Edie Rhoads, Associate Editor

CONTRIBUTORS’ NOTES

JOAN ALESHIRE (no relation to the editor) has taught in the MFA Program at Warren Wilson College since 1983. Her fifth book of poems, Happily, comes out from Four Way Books in 2012. She lives in Shrewsbury, VT.

DARSHANA BOLT is an artist, clothing designer for Hot Cooter Hi-End Fashions, art critic for Art Map Burlington, Ramble coordinator, poet, story-writer, lead singer in a punk/drag band called Moustache Ride, model/narcissist, rainbow/spandex/moonboot-enthusiast, Teflon-scraper, anarchist, art teacher, messmaker, and aspiring unicorn. She has a website for brand new things (darshanabolt.wordpress.com) and a website full of older things (darshanabolt.weebly.com).

ANTONELLO BORRA is a poet, translator, and scholar. He is the author of Guittone dArezzo e le maschere del poeta, and the co-author of three books of language pedagogy. His most recent volume of poetry is Alfabestiario. He regularly contributes with poems, translations, and critical articles to several journals and magazines both in Italy and the United States. His poems have been translated into English, Catalan, and German.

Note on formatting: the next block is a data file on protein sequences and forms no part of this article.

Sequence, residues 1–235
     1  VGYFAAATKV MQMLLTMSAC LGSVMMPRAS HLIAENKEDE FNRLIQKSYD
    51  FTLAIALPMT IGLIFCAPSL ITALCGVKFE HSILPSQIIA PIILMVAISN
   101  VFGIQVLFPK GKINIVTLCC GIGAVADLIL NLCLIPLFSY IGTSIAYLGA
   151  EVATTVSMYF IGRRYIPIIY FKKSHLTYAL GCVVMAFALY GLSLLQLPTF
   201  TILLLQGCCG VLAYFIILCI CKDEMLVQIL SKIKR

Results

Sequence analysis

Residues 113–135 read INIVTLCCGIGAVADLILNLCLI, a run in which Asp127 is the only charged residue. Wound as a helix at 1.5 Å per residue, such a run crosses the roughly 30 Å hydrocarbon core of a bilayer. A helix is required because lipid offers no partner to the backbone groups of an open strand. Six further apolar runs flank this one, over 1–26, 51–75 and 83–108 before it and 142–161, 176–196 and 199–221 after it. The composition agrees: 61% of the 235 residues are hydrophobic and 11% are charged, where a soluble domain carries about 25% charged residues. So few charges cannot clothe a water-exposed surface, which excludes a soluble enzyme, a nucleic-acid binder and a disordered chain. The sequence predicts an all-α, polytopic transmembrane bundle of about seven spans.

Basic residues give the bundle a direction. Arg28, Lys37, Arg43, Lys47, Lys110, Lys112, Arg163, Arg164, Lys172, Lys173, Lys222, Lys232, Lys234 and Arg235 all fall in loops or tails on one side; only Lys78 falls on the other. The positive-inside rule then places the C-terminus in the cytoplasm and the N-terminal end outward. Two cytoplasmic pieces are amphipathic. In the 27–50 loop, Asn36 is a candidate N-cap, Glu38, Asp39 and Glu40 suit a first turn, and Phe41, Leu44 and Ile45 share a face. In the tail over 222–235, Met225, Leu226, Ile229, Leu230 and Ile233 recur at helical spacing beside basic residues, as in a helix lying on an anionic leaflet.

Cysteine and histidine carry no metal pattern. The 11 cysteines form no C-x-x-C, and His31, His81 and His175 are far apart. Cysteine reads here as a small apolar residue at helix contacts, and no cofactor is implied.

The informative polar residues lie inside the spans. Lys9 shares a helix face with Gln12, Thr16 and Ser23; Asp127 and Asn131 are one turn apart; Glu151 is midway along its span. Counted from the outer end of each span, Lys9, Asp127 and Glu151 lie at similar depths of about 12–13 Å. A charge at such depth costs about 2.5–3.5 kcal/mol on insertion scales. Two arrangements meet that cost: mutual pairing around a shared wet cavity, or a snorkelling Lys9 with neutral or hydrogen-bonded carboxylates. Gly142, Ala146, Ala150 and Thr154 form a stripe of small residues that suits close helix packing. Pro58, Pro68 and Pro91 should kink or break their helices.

PARTRIDGE BOSWELL has served as Executive Director of Lebanon Opera House, NH, and Pentangle Arts Council in Woodstock, VT. A founder of Bookstock: The Green Mountain Festival of Words‘, Boswell is currently president of Harbor Mountain Press, based in White River Junction. Singer, lyricist, and poet, he has performed widely and his poems have recently surfaced in the minnesota review, Rattle, New Delta Review, and in his chapbook In Hindsight, A Happy Accident (Pudding House, 2008). He lives with his family in Woodstock, Vermont.

STEPHEN CRAMER‘s first book of poems, Shivas Drum, was selected by Grace Schulman for the National Poetry Series and published in 2004. His second, Tongue & Groove, was published by University of Illinois Press in the fall of 2007. His work has appeared in journals such as American Poetry Review, Green Mountains Review, and Southwest Review. He‘s currently polishing up a third collection of poetry with help from a grant from The Vermont Arts Council. He teaches writing and literature at the University of Vermont and lives with his wife and daughter in Burlington.